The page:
In the past century, the friendship between our nations has not only withstood the tests of time and war here on Earth, but also led our nations into the stars.
This year, the United States commemorated the 50th anniversary of the Apollo 11 moon landing. Today, we give thanks to the nation of Australia for its vital contributions to the extraordinary achievement. On July 20, 1969, when Neil Armstrong planted our great American flag on the face of the moon, the ground station broadcasting this iconic image to the world was Australian.
Together, our people have laid down their lives to protect our civilization from tyranny. We have pioneered some of the most remarkable advances in human history. And every shared endeavor, we have shown the world what it truly means to be friends, mates, and allies.
As we begin the next century of our truly extraordinary partnership, I know that America and Australia will remain forever united in defense of our liberty, our sovereignty, and our most treasured values.
Thank you. God bless you. God bless Australia. And God bless the United States of America. Thank you very much. (Applause.)
PRIME MINISTER MORRISON: Well, as I just said to the President, “Thanks, mate.” (Laughter.)
Mr. President, Mrs. Trump, honored guests, distinguished guests, friends one and all, here in this land of liberty: Thank you, Mr. President and Mrs. Trump, for the honor you have bestowed on my country here today with this extraordinary welcome. Jenny and I bring with us and our delegation the amity, the thanks, and respect of 25 million Australians for this great country of these United States of America.
Fifty years ago, another Australian Prime Minister visited the White House. And he said, “There are too many bonds between our two countries for any Australian Prime Minister to feel that he is stranger.” So once again, as another Prime Minister returns as a friend to celebrate with you, Mr. President, one of our oldest and dearest friendships, it is wonderful to be here.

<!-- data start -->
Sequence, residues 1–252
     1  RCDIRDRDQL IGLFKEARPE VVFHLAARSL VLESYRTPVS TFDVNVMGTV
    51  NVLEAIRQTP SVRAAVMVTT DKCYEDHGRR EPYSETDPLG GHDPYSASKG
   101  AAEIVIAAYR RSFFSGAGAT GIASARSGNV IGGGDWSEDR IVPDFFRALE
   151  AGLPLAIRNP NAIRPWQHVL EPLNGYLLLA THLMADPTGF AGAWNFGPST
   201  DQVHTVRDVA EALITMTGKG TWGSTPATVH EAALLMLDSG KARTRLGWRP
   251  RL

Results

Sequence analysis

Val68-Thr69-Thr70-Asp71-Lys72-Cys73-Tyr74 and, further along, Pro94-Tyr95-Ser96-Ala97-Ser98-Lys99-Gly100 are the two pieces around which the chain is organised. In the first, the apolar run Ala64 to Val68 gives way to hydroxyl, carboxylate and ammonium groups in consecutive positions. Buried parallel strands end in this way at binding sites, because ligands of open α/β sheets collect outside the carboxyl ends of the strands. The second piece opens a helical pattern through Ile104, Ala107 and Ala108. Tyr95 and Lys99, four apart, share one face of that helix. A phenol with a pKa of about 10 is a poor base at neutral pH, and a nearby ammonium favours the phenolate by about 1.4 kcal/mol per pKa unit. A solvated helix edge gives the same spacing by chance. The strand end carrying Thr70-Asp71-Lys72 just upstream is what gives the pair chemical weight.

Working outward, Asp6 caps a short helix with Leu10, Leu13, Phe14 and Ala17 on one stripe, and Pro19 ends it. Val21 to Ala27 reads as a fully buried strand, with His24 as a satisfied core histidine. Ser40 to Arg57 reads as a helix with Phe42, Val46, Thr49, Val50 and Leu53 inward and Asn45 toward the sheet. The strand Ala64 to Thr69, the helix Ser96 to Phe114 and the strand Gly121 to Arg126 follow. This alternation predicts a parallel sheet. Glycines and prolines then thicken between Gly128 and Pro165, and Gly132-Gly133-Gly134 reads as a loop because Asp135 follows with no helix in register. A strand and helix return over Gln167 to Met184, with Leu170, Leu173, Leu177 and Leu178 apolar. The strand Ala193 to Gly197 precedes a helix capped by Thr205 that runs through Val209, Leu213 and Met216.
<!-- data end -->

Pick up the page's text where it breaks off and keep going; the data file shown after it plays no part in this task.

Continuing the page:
Australians and Americans understand each other like few other peoples. And it is true that you and I have established a very early understanding, for which I am grateful. No two peoples in the world make better friends easier than ours. Your respect for Australia, Mr. President, your personal encouragement, and the example afforded by your passion for what makes America great makes ours a very easy connection.
For a century, as you have recounted, we have done what true friends do: stick by each other. Ronald Reagan spoke of the “truths and traditions” that define the United States. Australians share these truths and traditions. We see the world through the same lens. From the cornfields of Hamel, to the jungles of Southeast Asia and the Pacific, to the dust of Tarin Kowt, and now, even the waters of the Straits of Hormuz, Australians and Americans continue to stand together.
I’m reminded of a story of a young American soldier in the First World War calling out to Australian soldiers for help to attend to the wounded. And an Australian soldiers replied in the notorious, blunt language of soldiers, which I will censor here. (Laughter.) But he said, “Sure, Yank, I’ll go. We’re in this thing together.” (Laughter.)
Mr. President — (laughter) — Australia may often — look, he’s a New Yorker. (Laughter.) Mr. President, Australia may often look to the United States, but we have never been a country that been prepared to leave it to the United States. We don’t. That’s not our way. We pull our weight.